I've been a Baltimore Ravens fan for a long time, and naturally, I want my favorite team to win (who doesn't). That said, I don't mind seeing them down in points, because coming from behind makes a win that much more exciting. Tack on the most accurate kicker in NFL history, and you've got a recipe for superb drama.
Ravens kicker Justin Tucker hadn't missed an extra point in 222 attempts (316 if you count his college career), so on Sunday against the Saints, it seemed like a given that he'd tie the game up and send it to overtime.
Instead, well ... watching it wounded me deeply. Do I have to say it, too?
Alright. He missed. There it is.
But that one football veering wide of the uprights set up an excellent teaching moment for entrepreneurs and aspiring leaders of all types--and Justin thought so, too.
When you make a mistake, fall short, or otherwise miss the mark, this is how you handle it.
You don't sulk, don't beat around the bush, and don't blame your team.
You own it.
At that post-game press conference, here's what Justin said:
"More than anything, I just wanted to be here...If I was ever going to teach my son or some young person about accountability, I felt that it was important for me to be up here and answer any questions you guys may have."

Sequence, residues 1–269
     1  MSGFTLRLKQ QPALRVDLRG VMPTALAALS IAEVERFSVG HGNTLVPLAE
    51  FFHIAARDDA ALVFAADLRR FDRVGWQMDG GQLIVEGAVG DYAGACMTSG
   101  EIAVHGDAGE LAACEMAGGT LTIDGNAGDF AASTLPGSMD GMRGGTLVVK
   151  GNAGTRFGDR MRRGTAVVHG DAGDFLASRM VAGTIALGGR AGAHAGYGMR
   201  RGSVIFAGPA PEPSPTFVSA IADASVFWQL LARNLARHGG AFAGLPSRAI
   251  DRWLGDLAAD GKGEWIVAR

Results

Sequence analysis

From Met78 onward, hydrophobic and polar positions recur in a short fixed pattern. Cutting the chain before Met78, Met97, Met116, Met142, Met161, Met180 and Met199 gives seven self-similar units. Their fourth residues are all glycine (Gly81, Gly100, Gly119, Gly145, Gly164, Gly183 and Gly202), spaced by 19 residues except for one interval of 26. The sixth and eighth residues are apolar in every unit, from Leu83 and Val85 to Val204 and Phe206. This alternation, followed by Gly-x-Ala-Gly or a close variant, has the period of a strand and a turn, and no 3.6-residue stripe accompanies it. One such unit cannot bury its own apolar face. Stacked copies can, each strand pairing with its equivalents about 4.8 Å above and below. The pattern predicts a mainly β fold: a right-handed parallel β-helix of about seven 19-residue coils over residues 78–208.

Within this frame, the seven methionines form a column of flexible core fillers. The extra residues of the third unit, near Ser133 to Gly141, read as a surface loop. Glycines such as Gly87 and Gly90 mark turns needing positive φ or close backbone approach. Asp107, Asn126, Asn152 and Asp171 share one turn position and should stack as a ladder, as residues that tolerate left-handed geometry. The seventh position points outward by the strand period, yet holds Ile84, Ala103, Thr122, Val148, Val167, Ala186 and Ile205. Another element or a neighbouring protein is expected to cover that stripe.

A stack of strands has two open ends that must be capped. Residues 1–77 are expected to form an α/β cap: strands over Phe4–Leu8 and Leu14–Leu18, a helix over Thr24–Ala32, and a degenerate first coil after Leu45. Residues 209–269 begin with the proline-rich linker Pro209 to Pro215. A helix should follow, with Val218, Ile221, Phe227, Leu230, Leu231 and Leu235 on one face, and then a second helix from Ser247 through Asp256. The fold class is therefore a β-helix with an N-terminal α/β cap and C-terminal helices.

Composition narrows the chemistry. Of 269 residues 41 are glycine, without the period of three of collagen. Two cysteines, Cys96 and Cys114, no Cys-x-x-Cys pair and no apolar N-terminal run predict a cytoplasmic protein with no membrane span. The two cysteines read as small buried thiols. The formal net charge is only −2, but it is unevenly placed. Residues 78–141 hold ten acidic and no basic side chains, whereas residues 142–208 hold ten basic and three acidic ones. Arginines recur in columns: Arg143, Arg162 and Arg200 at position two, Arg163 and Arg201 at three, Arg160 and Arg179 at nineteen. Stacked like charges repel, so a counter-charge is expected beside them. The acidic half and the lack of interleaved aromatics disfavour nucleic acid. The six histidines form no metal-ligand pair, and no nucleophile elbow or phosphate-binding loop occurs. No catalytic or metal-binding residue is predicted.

The word Justin used was 'accountability' and I couldn't put it any better. Accountability is a simple concept with deep meaning to it. When you own your failures, it does so much. I could make a list. In fact, I will.
- It helps you process and learn from your mistakes.
- It lets others know that you know what went wrong.
- It keeps you humble (and shows that as well).
- It gives you transparency, which people around you appreciate.
- It sets you apart from everyone who doesn't have the right attitude.
Accountability is just as important as resilience, and both are vital to success for the simple reason that nobody gets it right every single time. That includes Justin Tucker. With his statement, he showcased what it looks like when someone has the tools and mindset to bounce back.
Of course, we'd expect nothing less from someone who's not known to shy away from an opportunity to inspire.
Accountability isn't about begging forgiveness; it's about wanting the best from yourself. But Justin, we forgive you anyway. Just don't make this a habit, or please 'kick it' before it becomes one (see what I did there?).